Sometimes our childhood heroes turn into our adult heroes. Beloved Reading Rainbow host and literary activist LeVar Burton hosted the 74th annual National Book Awards ceremony on November 14 in New York City and had some pretty harsh words for people trying to ban books across the United States, particularly the hate group Moms for Liberty.
Burton started the show with a dig on the group, who is working hard to elect members to school boards and change school curricula to exclude diverse topics, limit sex educations, limit information on slavery, and get rid of anything that even mentions gay people.
“Before we get going, are there any Moms for Liberty in the house? Moms for Liberty? No? Good. Then hands will not need to be thrown tonight,” he said in a joking manner at the top of the snow.
Then he got much more serious, talking about why fighting against book banning is so important to our kids and to the future of America.
On the home front, we are fighting for control of truth and how we interpret truth in this country,” he continued. “Books are being banned, words are being silenced, and writers and others who champion books are under attack.”
He also talked about why books are being targeted.
“It’s because they’re so powerful. Stories are the tool that enable us to better understand ourselves and, yes, our history,” he said. “To live over the course of a few pages in the experiences of another and to create a world where we can all be free.”
Moms for Liberty responded to Burton’s remarks on X.
“American moms weep as a childhood favorite, Reading Rainbow, calls for physical attacks against us because we are protecting the innocence of our children.”
Okay, Moms for Liberty.
Banning books in schools is at an all-time high in the United States. And it’s part of an organized effort among the Christian conservative right to control what our kids read and learn in school. According to the American Library Association (ALA), more than 1,200 book challenges were reocorded 2022, nearly doubling the then-record total from 2021. It’s become such an issue that the Scholastic Book Fair has made it easier for school with bans in effect to order books while avoiding anything diverse or controversial.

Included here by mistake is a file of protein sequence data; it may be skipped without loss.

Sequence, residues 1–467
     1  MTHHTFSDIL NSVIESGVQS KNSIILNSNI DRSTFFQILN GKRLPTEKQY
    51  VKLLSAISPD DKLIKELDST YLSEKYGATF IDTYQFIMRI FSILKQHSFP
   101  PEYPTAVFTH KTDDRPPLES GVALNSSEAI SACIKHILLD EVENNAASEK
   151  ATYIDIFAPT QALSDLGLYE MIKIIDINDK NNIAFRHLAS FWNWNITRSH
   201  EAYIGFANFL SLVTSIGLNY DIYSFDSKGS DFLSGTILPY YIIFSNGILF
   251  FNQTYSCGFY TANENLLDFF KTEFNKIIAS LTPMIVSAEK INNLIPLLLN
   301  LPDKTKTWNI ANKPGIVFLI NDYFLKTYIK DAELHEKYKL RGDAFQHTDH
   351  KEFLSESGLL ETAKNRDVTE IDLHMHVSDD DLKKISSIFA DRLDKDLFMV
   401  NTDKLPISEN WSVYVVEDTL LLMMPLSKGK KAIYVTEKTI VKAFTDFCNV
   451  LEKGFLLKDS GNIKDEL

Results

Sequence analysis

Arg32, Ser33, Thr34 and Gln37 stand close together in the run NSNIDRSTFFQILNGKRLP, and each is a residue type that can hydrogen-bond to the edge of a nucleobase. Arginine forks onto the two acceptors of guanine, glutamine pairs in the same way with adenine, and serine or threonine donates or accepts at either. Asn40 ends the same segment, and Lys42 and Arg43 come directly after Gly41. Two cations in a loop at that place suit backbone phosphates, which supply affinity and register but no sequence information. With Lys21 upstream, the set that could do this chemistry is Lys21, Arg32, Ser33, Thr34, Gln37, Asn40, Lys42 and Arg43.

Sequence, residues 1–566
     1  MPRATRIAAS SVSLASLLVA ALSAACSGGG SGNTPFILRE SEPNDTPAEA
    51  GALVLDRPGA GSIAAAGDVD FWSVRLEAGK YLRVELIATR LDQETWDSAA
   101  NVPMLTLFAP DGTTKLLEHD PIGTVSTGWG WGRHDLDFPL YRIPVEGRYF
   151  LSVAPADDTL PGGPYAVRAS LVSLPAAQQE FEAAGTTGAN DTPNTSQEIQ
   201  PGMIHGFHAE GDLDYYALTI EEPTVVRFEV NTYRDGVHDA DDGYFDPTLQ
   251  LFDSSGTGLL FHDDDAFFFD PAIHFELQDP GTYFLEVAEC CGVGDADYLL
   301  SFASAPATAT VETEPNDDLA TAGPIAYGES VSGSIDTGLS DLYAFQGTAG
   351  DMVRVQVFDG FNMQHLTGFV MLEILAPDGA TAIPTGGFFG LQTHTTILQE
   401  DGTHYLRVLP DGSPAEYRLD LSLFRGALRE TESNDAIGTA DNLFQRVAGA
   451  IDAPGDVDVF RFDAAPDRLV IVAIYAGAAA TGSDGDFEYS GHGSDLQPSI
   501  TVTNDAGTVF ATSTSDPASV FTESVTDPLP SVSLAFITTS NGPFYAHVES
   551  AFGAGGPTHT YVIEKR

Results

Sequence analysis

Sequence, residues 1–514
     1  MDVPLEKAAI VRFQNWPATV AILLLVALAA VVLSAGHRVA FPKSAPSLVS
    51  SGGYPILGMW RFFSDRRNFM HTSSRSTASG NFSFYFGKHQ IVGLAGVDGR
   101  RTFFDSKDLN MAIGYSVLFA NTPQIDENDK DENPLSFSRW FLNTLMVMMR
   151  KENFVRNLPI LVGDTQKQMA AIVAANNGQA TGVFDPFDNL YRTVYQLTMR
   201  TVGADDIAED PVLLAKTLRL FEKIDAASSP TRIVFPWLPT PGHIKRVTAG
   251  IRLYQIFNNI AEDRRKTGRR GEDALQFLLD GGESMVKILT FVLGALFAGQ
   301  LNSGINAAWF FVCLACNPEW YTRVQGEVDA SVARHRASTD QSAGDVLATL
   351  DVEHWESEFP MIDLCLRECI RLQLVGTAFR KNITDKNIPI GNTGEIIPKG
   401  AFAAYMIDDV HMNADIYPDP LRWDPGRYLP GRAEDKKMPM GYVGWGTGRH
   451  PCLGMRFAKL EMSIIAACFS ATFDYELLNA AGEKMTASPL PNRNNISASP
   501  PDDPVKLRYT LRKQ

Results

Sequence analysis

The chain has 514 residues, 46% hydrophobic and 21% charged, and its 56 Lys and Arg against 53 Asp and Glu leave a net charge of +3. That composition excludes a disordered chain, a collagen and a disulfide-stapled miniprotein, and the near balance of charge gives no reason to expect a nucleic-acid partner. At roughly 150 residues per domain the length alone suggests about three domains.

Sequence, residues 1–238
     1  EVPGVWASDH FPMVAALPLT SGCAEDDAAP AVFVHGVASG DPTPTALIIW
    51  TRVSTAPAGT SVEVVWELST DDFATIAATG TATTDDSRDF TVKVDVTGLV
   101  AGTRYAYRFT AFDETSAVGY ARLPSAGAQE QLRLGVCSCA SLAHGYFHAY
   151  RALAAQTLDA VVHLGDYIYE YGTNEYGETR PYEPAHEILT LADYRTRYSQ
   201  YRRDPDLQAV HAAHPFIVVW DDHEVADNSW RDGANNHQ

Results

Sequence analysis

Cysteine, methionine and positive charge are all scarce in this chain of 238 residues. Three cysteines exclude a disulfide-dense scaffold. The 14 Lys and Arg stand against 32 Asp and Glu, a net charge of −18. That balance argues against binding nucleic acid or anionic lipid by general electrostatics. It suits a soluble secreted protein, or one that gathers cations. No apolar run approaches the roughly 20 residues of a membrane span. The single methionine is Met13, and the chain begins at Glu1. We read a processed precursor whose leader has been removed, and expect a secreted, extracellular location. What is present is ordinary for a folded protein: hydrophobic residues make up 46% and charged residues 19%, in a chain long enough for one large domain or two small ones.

Burton has been a book activist for years, and also spoke up about his passion for the subject in an Esquire story that released last week.
“I’ve put in work in this field; I’ve put in time on these issues,” Burton told Esquire. “I’m happy to be the face of it and represent it, because these are matters that I care deeply about.”
He also stressed that this isn’t just an issue to argue about. It’s a foundation of the American dream worth fighting for.
“The efforts to control what other Americans read and what other people’s children read—those efforts have really stepped up in the intervening four years,” he said. “The whole idea of Americans being in control of their own bodies, their own minds, and their own destinies is a political issue, which is weird, given the fundamental underpinnings of the creation of this nation. But here we are, having this conversation about bodily autonomy, what kids should read, and what we should think. For me, it’s a fight worth fighting. It’s not only a conversation worth having. It’s a fight worth fighting.”
He also shared two banned books that helped shape his life.
“The ones that I read as a kid, like Catcher In the Rye and To Kill a Mockingbird, have stuck with me, simply because they occupy a special place in my heart,” he said. “These are books that are a part of me, so to see them get banned, it feels like someone telling me that I grew up wrong. Like there’s something wrong with me for having love for these books. I know that’s not true—I know there’s nothing wrong with me, and I know that there’s nothing wrong with these books. But that’s the signal that’s sent—that there’s shame in loving literature. And that’s just a real perverted point of view.”
Sounds like the guy from Reading Rainbow has a pretty strong love of books and a love of freedom, too.